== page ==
Necrophobic – Mark Of The Necrogram

Necrophobic isn’t exactly an unknown name in the extreme metal scene. They’ve been around since the end of the 80s, and successfully amassed a large crowd of devoted fans. On a more personal note, I haven’t always followed Necrophobic’s releases not because they weren’t good enough, but because at a certain point it was hard keeping track, while a lot of their releases somehow managed to slip away amongst a pile of other releases.

After a 4 year period of silence since the last album the Swedes are back with Mark Of The Necrogram, which would be their 8th (!) full length album and it bears some very exciting news. First off, the return of Anders, the marvelous vocalist that plays the part in the band’s The Nocturnal Silence album, to having a mic in his hand. Second, two former guitar players also rejoined, Ramstedt and Bergeback. This wasn’t accomplished just now, and it took the band some years to redefine themselves, but it did happen, and we as listeners reap the fruits of this hardworking line-up.

Mark Of The Necrogasm” grabs the listener in the head right at the very beginning, starts pounding, and simply doesn’t let go for a duration of almost 5 minutes. Yep, a post 4-minute beat down comprised of fast as fuck drums, hellish screams, and some of the sharpest riffs Necrophobic ever wrote. This isn’t to say that the song doesn’t have any melodic moments, but it is to say that even those moments aren’t what you’d call a recess.

Up next, would be “Odium Caecum” that begins with a light, rounded opener of mixed drum pounds and far-away vocals. It quickly moves to the more apparent style of Necrophobic, where we come upon some very addictive guitar work, that only adds to the overall aggressive output of the band. Similar work could also be found on the groovy (well, sort of) “Tsar Bomba” and “Sacrosanct”.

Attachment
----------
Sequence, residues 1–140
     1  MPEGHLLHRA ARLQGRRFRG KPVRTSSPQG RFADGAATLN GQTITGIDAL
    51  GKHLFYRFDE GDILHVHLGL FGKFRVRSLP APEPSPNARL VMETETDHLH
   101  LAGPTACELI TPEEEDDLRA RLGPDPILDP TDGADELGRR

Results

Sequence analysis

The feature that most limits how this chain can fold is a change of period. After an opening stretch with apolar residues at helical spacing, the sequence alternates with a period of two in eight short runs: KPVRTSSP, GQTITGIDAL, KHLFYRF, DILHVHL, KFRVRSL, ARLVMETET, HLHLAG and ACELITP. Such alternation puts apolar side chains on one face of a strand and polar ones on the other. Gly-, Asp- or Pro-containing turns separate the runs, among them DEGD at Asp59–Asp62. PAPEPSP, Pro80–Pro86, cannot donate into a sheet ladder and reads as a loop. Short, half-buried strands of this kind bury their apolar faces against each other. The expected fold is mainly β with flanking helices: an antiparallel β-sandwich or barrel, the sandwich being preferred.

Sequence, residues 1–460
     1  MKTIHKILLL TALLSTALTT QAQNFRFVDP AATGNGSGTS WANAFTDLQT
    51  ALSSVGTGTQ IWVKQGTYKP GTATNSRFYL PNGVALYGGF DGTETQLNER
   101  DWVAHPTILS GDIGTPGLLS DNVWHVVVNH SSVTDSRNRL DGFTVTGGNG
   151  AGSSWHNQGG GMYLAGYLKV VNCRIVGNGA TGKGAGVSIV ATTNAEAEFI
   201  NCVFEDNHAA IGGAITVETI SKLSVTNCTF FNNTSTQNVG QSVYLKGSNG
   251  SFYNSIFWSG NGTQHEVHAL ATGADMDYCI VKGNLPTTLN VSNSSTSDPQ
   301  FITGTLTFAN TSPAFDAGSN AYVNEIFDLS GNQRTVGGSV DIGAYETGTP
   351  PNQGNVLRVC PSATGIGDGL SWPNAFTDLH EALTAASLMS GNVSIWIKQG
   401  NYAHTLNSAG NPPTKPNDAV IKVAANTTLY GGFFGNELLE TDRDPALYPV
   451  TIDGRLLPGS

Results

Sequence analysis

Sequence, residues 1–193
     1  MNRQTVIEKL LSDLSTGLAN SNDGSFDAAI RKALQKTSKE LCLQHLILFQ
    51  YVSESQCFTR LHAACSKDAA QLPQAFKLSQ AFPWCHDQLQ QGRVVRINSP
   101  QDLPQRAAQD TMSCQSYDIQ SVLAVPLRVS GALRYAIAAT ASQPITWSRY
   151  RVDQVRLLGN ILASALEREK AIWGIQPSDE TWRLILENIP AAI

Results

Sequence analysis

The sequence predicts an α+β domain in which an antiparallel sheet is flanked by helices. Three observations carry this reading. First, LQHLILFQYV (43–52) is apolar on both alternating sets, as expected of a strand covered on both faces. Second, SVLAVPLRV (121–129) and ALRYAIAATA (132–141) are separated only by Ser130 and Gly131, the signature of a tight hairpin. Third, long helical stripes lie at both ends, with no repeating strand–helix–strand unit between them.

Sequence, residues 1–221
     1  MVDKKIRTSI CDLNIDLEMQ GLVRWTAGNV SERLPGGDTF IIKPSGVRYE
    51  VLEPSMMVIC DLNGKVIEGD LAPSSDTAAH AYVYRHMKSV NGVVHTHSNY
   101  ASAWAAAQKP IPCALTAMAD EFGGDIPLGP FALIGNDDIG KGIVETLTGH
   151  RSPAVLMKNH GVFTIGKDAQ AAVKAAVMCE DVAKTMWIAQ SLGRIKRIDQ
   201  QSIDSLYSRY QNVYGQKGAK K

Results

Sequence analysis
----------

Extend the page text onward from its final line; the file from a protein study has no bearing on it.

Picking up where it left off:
In between those two, “Lamashtu” brings a bit of a difference to view. Clad with a strong oriental scent, the build up here is filled with toms and an overall song structure that won’t put any Melechesh song to shame, for example. It’s not Sumeria, it’s Stockholm, but hey, it sounds magnificent and it gets the job done.

The new album sounds very, very tight. Not to say that the previous ones weren’t as much, but Mark Of The Necrogasm just feels, well, better. Angrier, more to the point, no fillers required here and no excuses made. Just plain Hellish tunes delivered at a fast pace, as “Crown of Horns” showcases so successfully. Seems like the decision to regroup some of the old band members have been a wise one, since altogether, this kind of end result has been reached.

Unfortunately, the album does fall in numerous moments, due to simply either being a bit too long, or too obvious. There is some variation in playing styles, as “From The Great Above To The Great Below” manages to venture a bit into the fields of melancholy, but more on the lyrical sense, while maintaining a heavy, memorable chorus that sticks long after the song ends, and the album moves to the last track, a relaxed, instrumental piece that seals off the gates of Hell, for now.

All in all, it’s very nice to see Necrophobic heading back to their former selves, and Mark Of The Necrogram is an evil little treat that would surely please fans. It isn’t something that you didn’t hear before, it’s not terribly original, but what it does, it does well enough.

Review by Omer

Rating: 7/10
1. Mark Of The Necrogram
2. Odium Caecum
3. Tsar Bomba
4. Lamashtu
5. Sacrosanct
6. Pesta
7. Requiem For A Dying Sun
8. Crown Of Horns
9. From The Great Above To The Great Below
10. Undergången